Saturday, 19 September 2020

Announcing Lightning Desktop App, Now Available for Testing

This is official announcement of Lighning Labs on 12th of October 2017:
Today, we’re thrilled to be releasing a new cross-platform demo Desktop App for lnd.The release of this new demo wallet kicks-off a two-week “testing blitz” during which we hope Lightning users with a technical inclination can start testing the wallet, giving feedback, filing bugs, etc.

You can download the Lightning Desktop App from our official release on Github!





The Lightning Protocol specifications are nearly complete, however a breaking change may land before the specs are finalized. As a result, we’ll only be maintaining compatibility with the desktop application for approximately the next two weeks before switching to a regular release cycle once the specifications have been frozen and we’ve achieved cross-implementation compatibility.

POWERED BY NEUTRINO

The Lightning Desktop App is powered by neutrino, our new open source, light client operating mode for Bitcoin. Neutrino light clients don’t rely on bloom filters (BIP 37) as most light clients currently do. Instead, neutrino relies on client side filtering which has numerous benefits including: increased privacy, less active load on full nodes, and a more flexible application model which is particularly useful for lightweight Lightning nodes. The full technical details for neutrino can be found in our soon to be finalized BIP draft.

With this new backend for lnd in place, users will be able to run Lightning applications without having a synced full node, reducing the barrier to entry for Lightning users.

Once you’ve unzipped and launched the Desktop App, neutrino will commence its initial sync of Bitcoin’s testnet blockchain. Since the current testnet chain has over 1.2 million blocks (over twice as many as Bitcoin mainnet), the initial sync will take 10-15 minutes. A blue “Syncing to Chain” icon will flash in the lower left corner until lnd has finished syncing the testnet chain.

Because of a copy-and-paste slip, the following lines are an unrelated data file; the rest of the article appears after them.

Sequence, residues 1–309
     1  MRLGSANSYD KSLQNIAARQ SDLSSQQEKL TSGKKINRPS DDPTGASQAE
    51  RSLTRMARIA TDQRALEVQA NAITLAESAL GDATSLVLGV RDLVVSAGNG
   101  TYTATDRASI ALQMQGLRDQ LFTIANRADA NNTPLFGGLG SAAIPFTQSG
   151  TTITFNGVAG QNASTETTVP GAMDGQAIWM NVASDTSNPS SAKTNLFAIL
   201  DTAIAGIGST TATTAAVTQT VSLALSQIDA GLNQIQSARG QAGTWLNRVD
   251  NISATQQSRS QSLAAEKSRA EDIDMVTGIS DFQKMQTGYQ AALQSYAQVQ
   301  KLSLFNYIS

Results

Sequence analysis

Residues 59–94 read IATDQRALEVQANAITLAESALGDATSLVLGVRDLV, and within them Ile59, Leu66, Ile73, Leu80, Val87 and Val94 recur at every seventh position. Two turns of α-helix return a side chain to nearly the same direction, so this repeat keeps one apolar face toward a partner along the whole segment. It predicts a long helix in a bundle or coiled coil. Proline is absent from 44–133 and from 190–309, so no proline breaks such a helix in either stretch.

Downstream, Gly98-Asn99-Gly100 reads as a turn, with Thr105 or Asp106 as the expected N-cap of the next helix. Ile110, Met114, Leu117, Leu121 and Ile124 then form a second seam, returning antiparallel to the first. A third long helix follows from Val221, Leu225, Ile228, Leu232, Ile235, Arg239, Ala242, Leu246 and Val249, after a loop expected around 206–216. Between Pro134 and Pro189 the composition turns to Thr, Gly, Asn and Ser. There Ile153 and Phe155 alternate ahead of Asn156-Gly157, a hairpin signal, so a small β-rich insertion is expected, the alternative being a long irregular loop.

SEGWIT ENABLED
The Desktop App is fully segwit enabled, capable of sending funds to and receiving funds from native segwit addresses, which look like:

tb1q62cgd0u7h654rpu4fm9y4fe47x5khesyd9k2q9

Note that in the Desktop App, for incoming payments, we currently display nested P2SH addresses. This format is used so that non-segwit enabled services (such as faucets) can send funds to the wallet. For outgoing funds, the wallet will only send to segwit outputs in order to prevent new channels from being subject to transaction malleability. Before proceeding, you’ll need to get your hands on some testnet coins! Testnet coins are available at faucets here and here.

PLUG AND PLAY LIGHTNING
At a glance, the wallet may look very simple, but the bulk of the complexity has been pushed into the backend in order to ensure a seamless user experience when interacting with Lightning. Once lnd is fully synced, p2p connection bootstrapping combined with lnd’s autopilot will kick into action, automatically making the wallet truly plug-and-play.

P2P CONNECTION  BOOTSTRAPPING
Once lnd has fully synced, it will attempt to automatically establish connections to existing peers on the network in order to sync the latest channel graph state. After a sufficient number of connections has been established, the next phase of the wallet’s network initialization will kick off. Users will know the wallet is fully synced to the chain, as the “Syncing to Chain” icon will disappear, replaced with the public key of your new Lightning node.



autopilot: SELF-DRIVING LIGHTNING